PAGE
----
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Biotech Science

Scientists Aim To Improve Photosynthesis 156

vasanth writes "Two new initiatives at the University of Cambridge aim to address the growing demand on the Earth's resources for food and fuel by improving the process of photosynthesis. Four transatlantic research teams – two of which include academics from Cambridge's Department of Plant Sciences – will explore ways to overcome limitations in photosynthesis which could then lead to ways of significantly increasing the yield of important crops for food production or sustainable bioenergy. Despite the fact that photosynthesis is the basis of energy capture from the sun in plants, algae and other organisms, it has some fundamental limitations. There are trade-offs in nature which mean that photosynthesis is not as efficient as it could be – for many important crops such as wheat, barley, potatoes and sugar beet, the theoretical maximum is only 5%, depending on how it is measured. There is scope to improve it for processes useful to us, for example increasing the amount of food crop or energy biomass a plant can produce from the same amount of sunlight."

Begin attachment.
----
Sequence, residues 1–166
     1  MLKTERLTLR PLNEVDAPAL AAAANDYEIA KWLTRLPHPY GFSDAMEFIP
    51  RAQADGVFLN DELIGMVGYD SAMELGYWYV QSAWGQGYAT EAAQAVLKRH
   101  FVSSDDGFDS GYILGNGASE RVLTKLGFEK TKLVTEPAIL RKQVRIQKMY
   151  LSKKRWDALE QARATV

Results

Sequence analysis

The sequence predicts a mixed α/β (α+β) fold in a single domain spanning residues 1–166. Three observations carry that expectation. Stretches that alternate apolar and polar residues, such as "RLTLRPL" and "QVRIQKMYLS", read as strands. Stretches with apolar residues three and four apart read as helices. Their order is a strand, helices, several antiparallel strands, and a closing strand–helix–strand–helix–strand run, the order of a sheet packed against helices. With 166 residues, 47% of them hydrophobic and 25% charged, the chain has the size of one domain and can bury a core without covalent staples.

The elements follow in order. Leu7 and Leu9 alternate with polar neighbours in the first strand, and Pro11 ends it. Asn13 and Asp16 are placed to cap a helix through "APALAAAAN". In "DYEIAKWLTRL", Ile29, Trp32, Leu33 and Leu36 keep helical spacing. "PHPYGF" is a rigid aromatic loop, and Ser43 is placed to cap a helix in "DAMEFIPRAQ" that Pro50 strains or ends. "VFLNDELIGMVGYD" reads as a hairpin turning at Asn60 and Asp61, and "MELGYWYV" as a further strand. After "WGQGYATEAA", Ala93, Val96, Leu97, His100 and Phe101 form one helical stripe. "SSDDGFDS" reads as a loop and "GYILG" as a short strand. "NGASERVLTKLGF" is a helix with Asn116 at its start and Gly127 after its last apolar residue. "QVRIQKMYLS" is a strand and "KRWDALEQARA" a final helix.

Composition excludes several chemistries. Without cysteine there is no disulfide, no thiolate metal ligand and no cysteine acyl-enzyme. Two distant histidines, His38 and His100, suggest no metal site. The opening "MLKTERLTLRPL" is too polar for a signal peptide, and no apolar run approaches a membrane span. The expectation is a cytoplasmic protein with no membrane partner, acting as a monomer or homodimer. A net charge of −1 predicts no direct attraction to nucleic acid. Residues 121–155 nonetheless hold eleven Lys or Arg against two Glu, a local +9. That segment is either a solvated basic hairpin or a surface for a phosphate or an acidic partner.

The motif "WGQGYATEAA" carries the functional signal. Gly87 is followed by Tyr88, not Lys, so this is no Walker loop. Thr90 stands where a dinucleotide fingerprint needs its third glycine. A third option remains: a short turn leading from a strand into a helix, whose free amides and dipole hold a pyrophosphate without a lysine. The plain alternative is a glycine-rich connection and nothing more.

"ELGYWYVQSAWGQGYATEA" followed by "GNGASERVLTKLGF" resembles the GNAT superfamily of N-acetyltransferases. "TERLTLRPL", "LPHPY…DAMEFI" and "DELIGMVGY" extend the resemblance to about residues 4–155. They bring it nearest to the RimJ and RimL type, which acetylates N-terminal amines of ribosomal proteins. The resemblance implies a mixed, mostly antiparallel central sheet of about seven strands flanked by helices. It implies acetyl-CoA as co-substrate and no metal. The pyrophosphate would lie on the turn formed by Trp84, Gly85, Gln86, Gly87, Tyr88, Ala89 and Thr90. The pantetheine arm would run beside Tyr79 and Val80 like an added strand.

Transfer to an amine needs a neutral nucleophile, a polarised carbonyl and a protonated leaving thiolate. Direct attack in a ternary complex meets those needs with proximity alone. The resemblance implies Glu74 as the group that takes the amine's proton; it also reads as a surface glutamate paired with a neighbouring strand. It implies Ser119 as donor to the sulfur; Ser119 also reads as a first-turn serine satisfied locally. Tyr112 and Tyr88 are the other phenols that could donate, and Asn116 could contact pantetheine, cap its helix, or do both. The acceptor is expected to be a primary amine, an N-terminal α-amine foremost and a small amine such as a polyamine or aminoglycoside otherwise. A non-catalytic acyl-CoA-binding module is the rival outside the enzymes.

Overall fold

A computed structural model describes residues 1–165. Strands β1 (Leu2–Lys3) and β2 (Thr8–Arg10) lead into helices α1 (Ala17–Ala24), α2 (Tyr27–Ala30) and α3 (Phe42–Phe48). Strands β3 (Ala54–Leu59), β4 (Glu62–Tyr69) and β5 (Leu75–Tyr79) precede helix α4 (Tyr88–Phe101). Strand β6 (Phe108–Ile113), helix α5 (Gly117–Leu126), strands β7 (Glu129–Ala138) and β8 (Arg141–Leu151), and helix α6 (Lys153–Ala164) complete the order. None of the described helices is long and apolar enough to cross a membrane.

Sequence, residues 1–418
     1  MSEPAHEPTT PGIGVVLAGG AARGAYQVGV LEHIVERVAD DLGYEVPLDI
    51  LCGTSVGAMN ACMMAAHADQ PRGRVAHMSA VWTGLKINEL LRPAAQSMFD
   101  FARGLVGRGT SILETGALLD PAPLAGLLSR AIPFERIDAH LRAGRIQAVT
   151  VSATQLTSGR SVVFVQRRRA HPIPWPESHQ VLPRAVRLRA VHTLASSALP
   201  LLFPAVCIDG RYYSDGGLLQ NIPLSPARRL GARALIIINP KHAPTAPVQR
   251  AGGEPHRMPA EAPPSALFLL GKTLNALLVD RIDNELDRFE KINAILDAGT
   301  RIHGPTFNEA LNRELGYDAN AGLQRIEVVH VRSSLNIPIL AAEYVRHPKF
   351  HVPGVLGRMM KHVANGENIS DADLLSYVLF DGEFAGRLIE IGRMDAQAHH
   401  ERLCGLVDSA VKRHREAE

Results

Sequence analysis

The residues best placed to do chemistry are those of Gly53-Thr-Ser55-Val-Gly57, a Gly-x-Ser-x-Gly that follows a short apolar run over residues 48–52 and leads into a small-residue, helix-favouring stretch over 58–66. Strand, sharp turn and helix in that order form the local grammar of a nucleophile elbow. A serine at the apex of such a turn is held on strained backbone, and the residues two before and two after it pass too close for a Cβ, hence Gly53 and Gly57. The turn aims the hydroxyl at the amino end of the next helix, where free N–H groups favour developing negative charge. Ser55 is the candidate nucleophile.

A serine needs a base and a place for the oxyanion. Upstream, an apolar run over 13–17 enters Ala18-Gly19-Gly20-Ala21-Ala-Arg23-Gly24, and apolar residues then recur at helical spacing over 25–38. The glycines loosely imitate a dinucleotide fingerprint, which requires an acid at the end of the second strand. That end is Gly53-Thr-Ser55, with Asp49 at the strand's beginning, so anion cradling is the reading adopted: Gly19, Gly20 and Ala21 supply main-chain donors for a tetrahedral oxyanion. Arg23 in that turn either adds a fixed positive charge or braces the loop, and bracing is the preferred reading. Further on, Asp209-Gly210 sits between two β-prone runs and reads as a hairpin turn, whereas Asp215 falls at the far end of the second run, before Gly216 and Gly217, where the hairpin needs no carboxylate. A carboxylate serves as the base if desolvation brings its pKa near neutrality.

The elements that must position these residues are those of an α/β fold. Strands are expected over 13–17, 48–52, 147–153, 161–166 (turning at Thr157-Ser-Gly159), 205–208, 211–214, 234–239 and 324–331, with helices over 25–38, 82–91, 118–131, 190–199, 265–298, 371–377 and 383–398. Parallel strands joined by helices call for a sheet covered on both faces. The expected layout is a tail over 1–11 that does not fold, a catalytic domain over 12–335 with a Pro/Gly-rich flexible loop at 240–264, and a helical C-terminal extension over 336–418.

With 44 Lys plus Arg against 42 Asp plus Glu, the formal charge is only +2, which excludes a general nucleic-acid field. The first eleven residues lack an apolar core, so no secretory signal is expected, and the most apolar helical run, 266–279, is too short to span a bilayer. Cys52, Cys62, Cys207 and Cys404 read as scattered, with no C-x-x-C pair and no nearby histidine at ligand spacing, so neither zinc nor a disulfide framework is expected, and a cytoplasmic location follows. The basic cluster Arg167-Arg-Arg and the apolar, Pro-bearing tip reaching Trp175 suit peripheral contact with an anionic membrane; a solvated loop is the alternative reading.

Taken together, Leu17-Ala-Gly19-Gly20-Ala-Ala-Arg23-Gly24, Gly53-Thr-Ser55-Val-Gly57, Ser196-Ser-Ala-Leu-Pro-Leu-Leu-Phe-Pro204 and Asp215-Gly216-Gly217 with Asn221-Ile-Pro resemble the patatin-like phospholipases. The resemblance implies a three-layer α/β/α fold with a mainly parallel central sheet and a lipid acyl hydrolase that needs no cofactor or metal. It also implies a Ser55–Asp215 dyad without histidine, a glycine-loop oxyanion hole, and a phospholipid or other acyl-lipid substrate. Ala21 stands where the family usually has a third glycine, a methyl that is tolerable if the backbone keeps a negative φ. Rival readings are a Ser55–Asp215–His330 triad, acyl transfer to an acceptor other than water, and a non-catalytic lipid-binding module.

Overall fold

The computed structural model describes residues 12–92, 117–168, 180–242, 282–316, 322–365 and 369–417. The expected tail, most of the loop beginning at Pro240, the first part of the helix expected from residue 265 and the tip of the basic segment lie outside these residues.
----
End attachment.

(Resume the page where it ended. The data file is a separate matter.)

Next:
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Scientists Aim To Improve Photosynthesis

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  • by eln ( 21727 ) on Tuesday April 12, 2011 @12:37AM (#35789546)
    This is a horrible, horrible idea. If you make photosynthesis more efficient, plants won't have to spend all their time generating food. A few hours a day, and they'll have all they need. Soon enough, plants will have more free time than they know what to do with. They'll wake up in the morning, spend a couple of hours making sugar, and spend the rest of the day sitting in coffee shops and arguing about the finer points of whatever passes for philosophy among the members of the plant kingdom.

    Eventually, various collectives will form based on commonalities of ideas and who is rooted near what coffee shop. Sure, most of these collectives will concern themselves primarily with taking drugs and producing regrettable artworks, but eventually some of them will start to ponder their lot in life at the constant mercy of mankind. This will lead to the writing of lengthy treatises on the Rights of Plants and how they are constantly being trod upon (often quite literally) by man. After that, it's only a matter of time before they rise up under the banner of the Glorious Plant Revolution and kill us all.

    Honestly, the last thing we can afford to do is make plants more efficient.

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